Life As A Humanitarian Aid Worker

Hi, my name’s Elise and I’m a humanitarian aid worker.

I often get mixed reactions when I’m at home in Australia and I tell new people what I do. I’m usually met with looks of confusion. I have to explain I’m on holiday, visiting my family and friends; on a R&R break, which is leave that your organization forces you to take every few months to ensure you don’t go batty living in a developing country and/or a war zone. I can’t vouch for whether that works or not.

There are a lot of misconceptions about us humanitarian aid workers. No, I don’t spend my days sitting under mango trees, teaching English to little children and holding hands with elder women. That does happen (the first and last – I’m not a teacher), but most of my time, I am glued to my 10 year old laptop (we don’t get a lot of funding for replacing computer equipment), madly writing proposals and reports and analyzing budgets and monitoring data and dealing with headquarters. My life is a combination of terrible internet (think dial up speed that works half the time, if that), intermittent electricity, even more intermittent water and a pretty constant feeling of loneliness. We make friends here, for sure – locals and expats alike – but we all move on. For most of us, the maximum contract length is 2 years. In places like Afghanistan and South Sudan, 6 months is not unusual. I’m 25 years old and I have “friends” living all across the world, from Iraq to Zimbabwe to Mongolia to the Solomon Islands – but I can still count the number of friends I’ve spent more than six months at a time with on both hands.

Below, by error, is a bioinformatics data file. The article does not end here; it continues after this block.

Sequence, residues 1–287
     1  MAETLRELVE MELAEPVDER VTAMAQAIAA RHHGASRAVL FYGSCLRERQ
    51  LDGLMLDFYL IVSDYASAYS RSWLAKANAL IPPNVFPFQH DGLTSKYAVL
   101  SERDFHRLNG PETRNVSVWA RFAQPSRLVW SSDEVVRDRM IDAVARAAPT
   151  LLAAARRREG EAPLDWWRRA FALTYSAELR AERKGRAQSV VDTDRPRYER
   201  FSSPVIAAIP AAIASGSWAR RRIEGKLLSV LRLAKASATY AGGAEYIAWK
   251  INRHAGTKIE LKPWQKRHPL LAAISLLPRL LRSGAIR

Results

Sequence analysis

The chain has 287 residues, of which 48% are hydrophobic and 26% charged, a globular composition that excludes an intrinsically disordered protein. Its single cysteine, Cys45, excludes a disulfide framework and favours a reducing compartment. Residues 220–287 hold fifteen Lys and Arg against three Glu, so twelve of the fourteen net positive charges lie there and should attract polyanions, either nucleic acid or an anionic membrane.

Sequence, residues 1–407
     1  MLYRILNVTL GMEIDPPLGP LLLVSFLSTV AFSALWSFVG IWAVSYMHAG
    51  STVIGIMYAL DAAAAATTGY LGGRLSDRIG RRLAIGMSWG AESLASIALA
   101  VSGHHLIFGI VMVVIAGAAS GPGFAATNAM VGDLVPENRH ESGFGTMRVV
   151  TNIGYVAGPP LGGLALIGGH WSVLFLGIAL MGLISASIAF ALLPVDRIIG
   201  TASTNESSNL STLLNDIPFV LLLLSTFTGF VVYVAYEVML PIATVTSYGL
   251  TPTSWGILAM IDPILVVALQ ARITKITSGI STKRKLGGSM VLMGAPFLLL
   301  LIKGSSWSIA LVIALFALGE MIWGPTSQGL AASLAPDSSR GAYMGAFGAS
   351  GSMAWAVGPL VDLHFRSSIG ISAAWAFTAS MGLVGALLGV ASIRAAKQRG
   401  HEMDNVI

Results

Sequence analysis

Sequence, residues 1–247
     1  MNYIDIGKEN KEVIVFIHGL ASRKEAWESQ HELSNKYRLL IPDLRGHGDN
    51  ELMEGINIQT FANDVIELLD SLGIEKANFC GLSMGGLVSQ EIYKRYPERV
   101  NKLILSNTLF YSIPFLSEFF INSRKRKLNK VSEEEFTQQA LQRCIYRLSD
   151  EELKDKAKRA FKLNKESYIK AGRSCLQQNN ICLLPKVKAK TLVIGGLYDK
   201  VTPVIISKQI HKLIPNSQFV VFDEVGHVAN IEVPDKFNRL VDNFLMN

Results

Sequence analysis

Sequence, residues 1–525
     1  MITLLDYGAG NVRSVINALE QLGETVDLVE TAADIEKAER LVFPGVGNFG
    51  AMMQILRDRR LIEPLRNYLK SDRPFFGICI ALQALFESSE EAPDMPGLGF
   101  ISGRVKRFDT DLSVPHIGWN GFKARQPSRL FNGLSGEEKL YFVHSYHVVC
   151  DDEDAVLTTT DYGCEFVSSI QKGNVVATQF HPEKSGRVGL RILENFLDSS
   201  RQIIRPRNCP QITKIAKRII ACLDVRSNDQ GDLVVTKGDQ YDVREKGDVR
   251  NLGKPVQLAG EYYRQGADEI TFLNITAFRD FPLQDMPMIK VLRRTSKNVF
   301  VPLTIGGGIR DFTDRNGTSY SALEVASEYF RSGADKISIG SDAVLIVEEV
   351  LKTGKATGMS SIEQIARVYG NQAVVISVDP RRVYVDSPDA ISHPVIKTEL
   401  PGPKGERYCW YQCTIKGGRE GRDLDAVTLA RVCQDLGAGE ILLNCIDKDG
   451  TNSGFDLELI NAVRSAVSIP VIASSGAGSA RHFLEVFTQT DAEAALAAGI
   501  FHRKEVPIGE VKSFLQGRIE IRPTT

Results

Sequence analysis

So if anyone has ever considered a career in international development, working for charity, wanting to help others – let me tell you this. It’s amazing. And it sucks. It’s a job, like any other – except that we live in “strange” places and at the end of the day, you can keep working those extra eight hours that you won’t get paid for, because from the bottom of your heart you still have a tiny bit of optimism flaring – you think that maybe, maybe if you just put in the extra eight hours on top of the last eight hours you just worked, you will actually help someone. It’s worth the crappy pay and the rather crappy conditions and the fact that carrying on a relationship in this setting for longer than a year is basically impossible (though you will keep trying). It’s both your motivation and your undoing.

Plus there are those really awesome days, where you wake up at 6am, get on a boat, head out to an island, hike for four hours to a tiny little village your organization is working in, and sit under that mango tree, hold hands with your elder women and talk about your project. They’ll tell you about the changes in their lives since your organization and your project started. They’ll feed you a ridiculous amount of food and hug you and invite you to stay in their leaf hut for the night. Overnight you’ll contract malaria (again) and have to use a “toilet” (i.e. hole in the ground) which inevitably leads you to contract something else (what, you don’t know – unfortunately medical facilities in your country aren’t good enough to tell). You’ll suffer through weeks of sickness, still having to work your 12+ hour days, while you write up your monitoring visit trip report for your headquarters and/or donor – and you get to tell the story of that lovely elder woman and how, since your project started working with her, her life has changed for the better. That, is worth it.

By Elise Bryce Johnson

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